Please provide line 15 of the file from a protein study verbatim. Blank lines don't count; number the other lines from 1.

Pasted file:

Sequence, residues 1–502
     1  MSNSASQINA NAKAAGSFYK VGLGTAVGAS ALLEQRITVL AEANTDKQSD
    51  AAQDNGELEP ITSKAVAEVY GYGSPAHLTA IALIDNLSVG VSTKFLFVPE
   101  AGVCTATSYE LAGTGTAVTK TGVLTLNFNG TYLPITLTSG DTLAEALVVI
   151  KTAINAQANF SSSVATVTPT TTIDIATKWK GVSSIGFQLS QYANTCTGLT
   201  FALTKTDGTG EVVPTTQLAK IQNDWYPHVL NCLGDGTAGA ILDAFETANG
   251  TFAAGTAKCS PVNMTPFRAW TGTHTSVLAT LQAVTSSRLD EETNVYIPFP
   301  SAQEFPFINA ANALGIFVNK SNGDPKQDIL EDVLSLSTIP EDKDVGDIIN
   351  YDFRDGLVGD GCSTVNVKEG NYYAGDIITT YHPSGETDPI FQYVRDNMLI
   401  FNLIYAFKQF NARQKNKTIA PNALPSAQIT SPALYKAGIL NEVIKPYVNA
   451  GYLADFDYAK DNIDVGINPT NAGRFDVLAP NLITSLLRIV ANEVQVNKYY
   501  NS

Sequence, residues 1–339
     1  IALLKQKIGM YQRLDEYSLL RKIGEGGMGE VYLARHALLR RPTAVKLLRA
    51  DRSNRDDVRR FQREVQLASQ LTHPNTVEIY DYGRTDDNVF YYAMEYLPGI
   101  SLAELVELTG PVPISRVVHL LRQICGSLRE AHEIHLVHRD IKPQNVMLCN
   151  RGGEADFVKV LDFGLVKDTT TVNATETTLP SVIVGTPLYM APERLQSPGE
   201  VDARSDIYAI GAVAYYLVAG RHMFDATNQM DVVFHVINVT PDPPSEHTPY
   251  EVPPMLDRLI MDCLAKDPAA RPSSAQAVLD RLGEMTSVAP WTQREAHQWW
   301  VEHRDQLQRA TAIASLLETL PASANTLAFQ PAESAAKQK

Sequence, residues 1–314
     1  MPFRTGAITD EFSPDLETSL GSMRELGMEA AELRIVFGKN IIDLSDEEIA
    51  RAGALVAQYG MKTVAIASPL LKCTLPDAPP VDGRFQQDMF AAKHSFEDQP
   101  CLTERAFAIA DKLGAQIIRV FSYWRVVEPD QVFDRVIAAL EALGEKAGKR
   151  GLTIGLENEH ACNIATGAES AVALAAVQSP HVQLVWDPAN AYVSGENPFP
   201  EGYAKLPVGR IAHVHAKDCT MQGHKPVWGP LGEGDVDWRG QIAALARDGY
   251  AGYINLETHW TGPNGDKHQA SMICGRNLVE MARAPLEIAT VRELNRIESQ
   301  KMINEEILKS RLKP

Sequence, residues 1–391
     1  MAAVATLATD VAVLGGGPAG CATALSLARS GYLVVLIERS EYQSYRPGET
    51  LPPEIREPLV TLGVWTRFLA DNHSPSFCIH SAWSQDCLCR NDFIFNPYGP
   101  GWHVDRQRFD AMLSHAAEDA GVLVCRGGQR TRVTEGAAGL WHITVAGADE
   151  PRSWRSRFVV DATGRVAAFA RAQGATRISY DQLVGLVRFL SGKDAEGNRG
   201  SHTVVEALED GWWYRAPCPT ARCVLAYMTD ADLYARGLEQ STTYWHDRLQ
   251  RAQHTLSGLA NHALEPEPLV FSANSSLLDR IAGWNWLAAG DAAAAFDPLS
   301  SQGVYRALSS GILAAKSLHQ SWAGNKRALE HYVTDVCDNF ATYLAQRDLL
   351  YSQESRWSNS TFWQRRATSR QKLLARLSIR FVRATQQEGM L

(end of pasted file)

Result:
    51  DRSNRDDVRR FQREVQLASQ LTHPNTVEIY DYGRTDDNVF YYAMEYLPGI